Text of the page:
Amidst a faltering COVAX, time for world leaders to step up
The International Monetary Fund (IMF) in a May 19, 2021 note uploaded on its website stated that "Pandemic policy is also economic policy as there is no durable end to the economic crisis without an end to the health crisis." The IMF then proposed three targets to that end: (1) vaccinating at least 40 percent of the population in all countries by the end of 2021 and at least 60 percent by the first half of 2022; (2) tracking and insuring against downside risks; and (3) ensuring widespread testing and tracing.
Meanwhile, the World Health Organization (WHO) advised that at least 70 percent of the world population must be vaccinated in order to end the coronavirus pandemic. Even if this requirement cannot be fulfilled in the near future, the IMF's 40 percent vaccination target should cover a minimum of 3 to 4 billion people. According to an article published on The Conversation website on June 9, 2021, Professor Monica de Bolle of the Johns Hopkins University estimated that if 60 percent to 70 percent of 8 billion people need to be vaccinated to achieve herd protection, it would require 10 billion to 12 billion doses of a two-dose vaccine. If the global capacity for Covid-19 vaccine production is 2 billion to 4 billion doses annually, it could be 2023 or even 2024 before enough vaccines can be produced.
However, as well as the availability of vaccines, another major concern is the discrimination in vaccine access as rich countries are stockpiling most of the supplies. According to a report by The New York Times, till date more than 2.54 billion vaccine doses have been administered worldwide. While this may sound like a hopeful scenario, the devil is in the details. "86 percent of the shots that have gone into arms worldwide have been administered in high- and upper-middle-income countries. Only 0.3 percent of doses have been administered in low-income countries," the report says. Because of the widespread discrimination in vaccine access, some countries are yet to get a single dose of vaccination.
The WHO, in a June 11 report, said that some 130 core people in the African countries severely lack access to vaccination. Many countries only received a fraction of what they need, with no guarantee for the rest. For instance, South Africa, which purchased vaccines from international market and are producing vaccines as part of a joint-venture arrangement, were able to vaccinate only 0.8 percent of its population. Another large African country, Nigeria could afford to vaccinate only 0.1 percent of its 200-million population.
As of June 11, Israel vaccinated 60 percent of its population, Bahrain 62 percent, Chile 60 percent, the UK 61 percent, and the USA 52 percent. On the other hand, India only vaccinated 14 percent, Indonesia 7 percent, Sri Lanka 9.6 percent, and Bangladesh 3.6 percent. According to a report in February, Bangladesh was in the 17th position in terms of vaccination. Now it dropped to the 117th due to having not received the vaccine as it was supposed to. Region-wise data also shows distinct levels of discrimination. As of June 17, North America administered vaccines for 68 percent of the entire population. Europe has vaccinated 58 percent, South America 34 percent, Asia 31 percent, Oceania 17 percent, and Africa 3.1 percent. Only 0.3 percent of doses have been administered in the low-income countries.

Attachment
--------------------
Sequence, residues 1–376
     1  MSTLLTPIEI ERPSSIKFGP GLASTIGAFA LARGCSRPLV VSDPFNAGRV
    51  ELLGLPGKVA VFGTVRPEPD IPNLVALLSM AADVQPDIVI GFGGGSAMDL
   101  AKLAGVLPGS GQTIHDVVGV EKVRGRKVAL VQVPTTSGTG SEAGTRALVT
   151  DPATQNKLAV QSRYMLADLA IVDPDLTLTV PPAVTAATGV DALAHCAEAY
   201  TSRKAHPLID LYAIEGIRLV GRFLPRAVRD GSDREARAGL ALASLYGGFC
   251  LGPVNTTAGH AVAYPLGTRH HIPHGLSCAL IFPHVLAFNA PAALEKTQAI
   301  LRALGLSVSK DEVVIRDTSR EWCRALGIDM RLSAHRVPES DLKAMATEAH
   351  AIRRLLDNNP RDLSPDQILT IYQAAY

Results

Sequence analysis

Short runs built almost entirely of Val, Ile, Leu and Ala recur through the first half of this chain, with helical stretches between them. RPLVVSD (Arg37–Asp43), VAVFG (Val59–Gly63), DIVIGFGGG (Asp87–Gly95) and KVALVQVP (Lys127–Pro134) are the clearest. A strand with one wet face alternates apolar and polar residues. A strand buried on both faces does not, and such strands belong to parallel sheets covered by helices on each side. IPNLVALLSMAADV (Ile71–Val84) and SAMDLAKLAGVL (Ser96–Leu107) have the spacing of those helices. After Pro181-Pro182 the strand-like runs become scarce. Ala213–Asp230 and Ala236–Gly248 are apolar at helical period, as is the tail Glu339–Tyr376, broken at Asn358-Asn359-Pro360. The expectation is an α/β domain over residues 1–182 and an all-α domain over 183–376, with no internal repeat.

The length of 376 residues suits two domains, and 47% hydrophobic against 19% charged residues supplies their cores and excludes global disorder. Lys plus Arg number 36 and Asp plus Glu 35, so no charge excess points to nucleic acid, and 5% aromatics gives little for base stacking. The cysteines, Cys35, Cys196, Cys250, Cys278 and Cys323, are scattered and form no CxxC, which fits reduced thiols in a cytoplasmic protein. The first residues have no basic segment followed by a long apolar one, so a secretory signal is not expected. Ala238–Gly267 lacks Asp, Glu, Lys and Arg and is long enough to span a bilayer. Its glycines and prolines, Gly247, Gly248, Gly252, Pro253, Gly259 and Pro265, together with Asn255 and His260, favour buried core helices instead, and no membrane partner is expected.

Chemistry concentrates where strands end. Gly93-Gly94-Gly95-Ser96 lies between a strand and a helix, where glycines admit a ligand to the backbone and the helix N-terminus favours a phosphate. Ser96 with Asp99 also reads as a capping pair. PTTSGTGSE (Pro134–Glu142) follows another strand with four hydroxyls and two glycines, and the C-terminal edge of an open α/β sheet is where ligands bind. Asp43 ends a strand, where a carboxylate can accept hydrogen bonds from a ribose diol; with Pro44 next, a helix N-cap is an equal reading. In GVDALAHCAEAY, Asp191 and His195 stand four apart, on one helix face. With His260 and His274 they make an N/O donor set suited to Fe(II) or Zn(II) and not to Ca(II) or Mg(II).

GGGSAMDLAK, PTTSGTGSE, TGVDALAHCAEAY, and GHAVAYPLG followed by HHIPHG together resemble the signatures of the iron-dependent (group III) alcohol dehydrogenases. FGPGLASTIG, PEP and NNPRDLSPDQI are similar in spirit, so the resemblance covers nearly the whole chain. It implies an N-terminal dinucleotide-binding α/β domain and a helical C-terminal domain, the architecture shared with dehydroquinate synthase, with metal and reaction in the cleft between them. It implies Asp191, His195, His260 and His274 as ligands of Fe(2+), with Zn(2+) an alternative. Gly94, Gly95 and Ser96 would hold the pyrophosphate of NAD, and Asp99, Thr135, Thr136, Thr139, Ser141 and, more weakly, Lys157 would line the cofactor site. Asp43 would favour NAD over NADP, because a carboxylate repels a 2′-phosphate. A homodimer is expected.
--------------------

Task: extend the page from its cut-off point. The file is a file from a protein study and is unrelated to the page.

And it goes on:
WHO Director-General Tedros Adhanom stated in a Geneva meeting on May 24 that more than 75 percent of the vaccines had been administered in only 10 countries. He termed this as a "scandalous inequality". He urged that at least 10 percent of the world population be vaccinated by September at any cost. Less than a month later, the reality hasn't changed much.
In April 2020, the COVAX initiative started with an aim to facilitate equitable access to vaccines for middle-income and poorer countries. The main two objectives were equitable access to diagnostics and treatment. However, despite initial promise, the arrangement has come to a halt of late.
Now the question is whether the COVAX was a meaningful initiative at all. WHO in a joint statement with its partners has said: "Designed and implemented in the midst of an unprecedented global public health crisis, it has delivered over 70 million doses to 126 countries and economies around the world since February... Over 35 countries received their first Covid-19 vaccine doses thanks to COVAX." In the same statement, it also said that "if the world's leaders rally together, the original COVAX objectives—delivery of 2 billion doses of vaccines worldwide in 2021, and 1.8 billion doses to 92 lower-income economies by early 2022—are still well within reach."
Against this backdrop, the leaders of G-7, a coalition of powerful countries, committed 870 million vaccines for the third-world countries to be delivered by 2022. This is less than half of the original objective of the COVAX initiative. It can be assumed that the G-7 countries have more vaccines in their stocks.
If one considers the entire scenario, one cannot help but worry if the COVAX can at all fulfil its objectives, and if and how the IMF proposal to vaccinate 40 percent of the world population by 2021 and 60 percent by the first half of 2022 for greater economic recovery will be achieved. Ultimately, this is not just an economic issue; more importantly, it is also an existential one for all of us. As it was mentioned by the WHO director-general in May, 75 percent of all vaccines were administered in just 10 countries, but the question remains, can these 10 countries ensure their safety without helping ensure the safety of the people in other parts of the world? If world leaders don't come up with better solutions to cover the stark vaccination gap among different regions (and countries), what hope is there for us to defeat this deadly virus?
Amir Khasru is Chief Executive, Study Group on Regional Affairs, Dhaka.